How much can you fit on a board that fits in your hand? Quite a lot, actually…
- Atmel SAM V71 (SAMV71Q21ES3)
- Core: ARM Cortex M7
- Running at up to 300MHz
- Single- and double-precision hardware Floating Point Unit (FPU)
- Flash: 2048 Kbytes (used for Bootloader)
- SRAM: 384 Kbytes
- SDRAM: 64 MBytes
- MicroSD Socket for standard MicroSD cards
- EEPROM: 2 KBit
- 802.11b/g/n WLAN
- Two RGB LEDs
- 5 DIP switches
- Reset Key
- Dallas 1-Wire via 3-pin connector
- Digilent Pmod compatible I2C interface
- Two Digilent Pmod Type 1 interfaces (GPIO)
- One Digilent Pmod Type 2 interface (SPI)
- One Digilent Pmod Type 2A interface (expanded SPI with interrupts)
- One Digilent Pmod Type 4 interface (UART)
Debug & Supply
- Serial port via Micro USB for console (Erlang Shell connects to this)
- On-board JTAG debugger via Micro USB
- JTAG / Trace connection for connecting external debuggers
- Supply via Micro USB connector
- Only one USB cable needed for power, console and on-board JTAG
Erlang is a programming language designed for creating scalable, networked software systems. It has built-in support for concurrency, distribution, and fault tolerance. Why not integrate it with hardware devices?
RTEMS is a hard real-time embedded “operating system”. Actually it's not like a conventional operating system, but rather a library which is linked to an application. An image boots directly on the target, often right from hardware reset. Unlike in conventional operating systems, there is usually no memory protection or kernel mode. From the application side, it looks like a single Unix process which is able to run some threads.
There is a choice of drivers and network stacks: a minimal one for very small systems, a traditional BSD Unix-derived system, or a port of the current FreeBSD TCP stack supporting SMP and all kinds of modern architecture.
Speaking of symmetric multiprocessing: even though GRiSP-Base is so minimal, it features support for SMP hardware.
When Erlang is running on RTEMS there is very little latency between something happening on the hardware and a reaction on the Erlang level. There is strict control over what can pre-empt the Erlang VM: only hardware interrupts allowed. In practice, this means Erlang’s soft real-time is not as soft as on normal operating systems.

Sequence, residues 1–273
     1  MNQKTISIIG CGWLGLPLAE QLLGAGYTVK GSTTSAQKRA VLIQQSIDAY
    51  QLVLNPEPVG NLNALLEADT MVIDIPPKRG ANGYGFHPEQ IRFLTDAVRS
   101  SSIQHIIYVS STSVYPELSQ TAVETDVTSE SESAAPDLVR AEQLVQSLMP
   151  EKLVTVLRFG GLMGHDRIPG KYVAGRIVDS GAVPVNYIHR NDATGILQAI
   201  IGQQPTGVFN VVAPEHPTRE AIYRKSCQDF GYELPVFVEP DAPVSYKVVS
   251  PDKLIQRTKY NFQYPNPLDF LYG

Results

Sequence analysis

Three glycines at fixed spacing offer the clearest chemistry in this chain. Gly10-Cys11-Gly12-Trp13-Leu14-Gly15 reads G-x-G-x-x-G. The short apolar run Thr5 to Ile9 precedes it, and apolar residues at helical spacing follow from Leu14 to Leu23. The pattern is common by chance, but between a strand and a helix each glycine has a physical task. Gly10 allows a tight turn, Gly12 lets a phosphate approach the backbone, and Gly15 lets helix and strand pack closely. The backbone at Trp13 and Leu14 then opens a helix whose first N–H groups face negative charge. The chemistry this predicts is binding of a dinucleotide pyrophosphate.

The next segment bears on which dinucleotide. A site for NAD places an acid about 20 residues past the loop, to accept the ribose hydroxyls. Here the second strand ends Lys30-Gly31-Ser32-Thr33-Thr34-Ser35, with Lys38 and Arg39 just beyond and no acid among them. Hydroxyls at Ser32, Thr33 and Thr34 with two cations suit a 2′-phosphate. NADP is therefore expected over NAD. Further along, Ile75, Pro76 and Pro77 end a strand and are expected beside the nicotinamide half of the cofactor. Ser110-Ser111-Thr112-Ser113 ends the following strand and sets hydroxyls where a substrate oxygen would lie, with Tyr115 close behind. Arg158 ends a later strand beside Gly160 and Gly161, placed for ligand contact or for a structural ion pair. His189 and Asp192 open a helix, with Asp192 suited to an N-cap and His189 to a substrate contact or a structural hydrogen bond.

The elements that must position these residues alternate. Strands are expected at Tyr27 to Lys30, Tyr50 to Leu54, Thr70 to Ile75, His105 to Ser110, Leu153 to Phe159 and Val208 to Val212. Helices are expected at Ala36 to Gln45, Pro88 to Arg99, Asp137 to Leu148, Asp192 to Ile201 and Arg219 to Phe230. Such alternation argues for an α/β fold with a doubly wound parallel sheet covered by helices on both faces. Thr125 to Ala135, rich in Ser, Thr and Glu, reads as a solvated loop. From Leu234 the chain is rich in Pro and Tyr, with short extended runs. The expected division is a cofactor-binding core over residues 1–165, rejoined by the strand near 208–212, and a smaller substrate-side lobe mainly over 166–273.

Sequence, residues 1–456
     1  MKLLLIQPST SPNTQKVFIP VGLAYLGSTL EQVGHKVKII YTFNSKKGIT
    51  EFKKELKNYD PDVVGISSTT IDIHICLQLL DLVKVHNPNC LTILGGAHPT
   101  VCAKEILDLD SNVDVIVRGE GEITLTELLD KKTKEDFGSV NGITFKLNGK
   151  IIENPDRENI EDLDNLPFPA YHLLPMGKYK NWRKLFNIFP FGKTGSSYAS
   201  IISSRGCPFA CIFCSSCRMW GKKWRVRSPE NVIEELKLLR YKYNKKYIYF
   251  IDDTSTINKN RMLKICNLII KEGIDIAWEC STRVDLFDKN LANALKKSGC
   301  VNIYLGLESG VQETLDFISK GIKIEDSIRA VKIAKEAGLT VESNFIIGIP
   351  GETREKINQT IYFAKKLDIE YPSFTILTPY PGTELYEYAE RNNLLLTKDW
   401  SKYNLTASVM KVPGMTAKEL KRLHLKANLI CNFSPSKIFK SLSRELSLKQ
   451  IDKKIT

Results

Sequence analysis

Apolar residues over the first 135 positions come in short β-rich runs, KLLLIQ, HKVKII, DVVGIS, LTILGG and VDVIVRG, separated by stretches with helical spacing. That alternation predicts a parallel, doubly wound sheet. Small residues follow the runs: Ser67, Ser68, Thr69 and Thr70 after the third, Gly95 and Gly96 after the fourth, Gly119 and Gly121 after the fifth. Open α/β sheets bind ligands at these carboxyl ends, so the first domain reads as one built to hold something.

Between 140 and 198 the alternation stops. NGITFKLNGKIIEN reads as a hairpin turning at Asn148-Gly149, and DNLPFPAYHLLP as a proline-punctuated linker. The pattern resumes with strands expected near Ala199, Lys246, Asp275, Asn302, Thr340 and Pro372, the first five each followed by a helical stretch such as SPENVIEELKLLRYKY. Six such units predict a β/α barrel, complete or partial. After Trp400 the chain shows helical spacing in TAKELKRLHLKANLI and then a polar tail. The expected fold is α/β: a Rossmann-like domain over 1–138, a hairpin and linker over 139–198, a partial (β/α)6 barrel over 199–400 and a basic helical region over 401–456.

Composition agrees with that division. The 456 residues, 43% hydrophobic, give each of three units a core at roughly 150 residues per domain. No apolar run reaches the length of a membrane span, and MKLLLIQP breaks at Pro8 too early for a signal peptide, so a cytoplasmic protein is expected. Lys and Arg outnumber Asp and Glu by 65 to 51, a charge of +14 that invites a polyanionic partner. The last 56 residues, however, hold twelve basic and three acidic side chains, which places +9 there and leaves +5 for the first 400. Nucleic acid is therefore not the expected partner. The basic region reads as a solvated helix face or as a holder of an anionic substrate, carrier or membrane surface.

For the future, we plan to provide hard real-time processes on the Erlang level; GRiSP-Base will be the main test platform for this.
The connectors on Grisp-Base are compatible with Digilent PMod accessories, providing access to dozens of affordable, ready-to-run expansion modules with sensors (accelerometer, gyro, compass, several temperature, general A/D, and even a GPS module) and actuators (motor drivers, RC-servos, audio out).
This gives us the opportunity to provide high-level Erlang drivers for most of those PMods. Since there will be port-drivers or native-implemented functions (NIFs) for the basic protocols, most of these drivers can be written in Erlang. Dropping down to C is very rarely necessary.
Compatible modules provide an easy entry point to small hardware development projects. The modular hardware you create would be reusable with future GRiSP versions, and other PMod-compatible boards.
At the one wire connector you can connect many 1-Wire compatible sensors and actuators, literally with 1-Wire. (That’s actually a lie, you need a ground wire too!) 1-Wire is a bus and is built to support longer wires, so you could, for example, wire several digital temperature sensors all over an experiment, or a room, to this one connector. Also very conveniently all 1-Wire chips have a built-in worldwide unique ID so you can always distinguish your sensors.
In addition to all the I/O options with 1-Wire, there are many modules containing memory, from simple memory to security memory with cryptographic primitives built in. This opens up access control and other security applications. There are tokens for these applications which really only need to touch the connector so in this case, it really does work with one wire only!
Of course we will provide the necessary low-level C drivers. 1-Wire applications can also be written in Erlang.
GRiSP-Base boards, with or without software pre-loaded on a memory card, may be ordered from the store.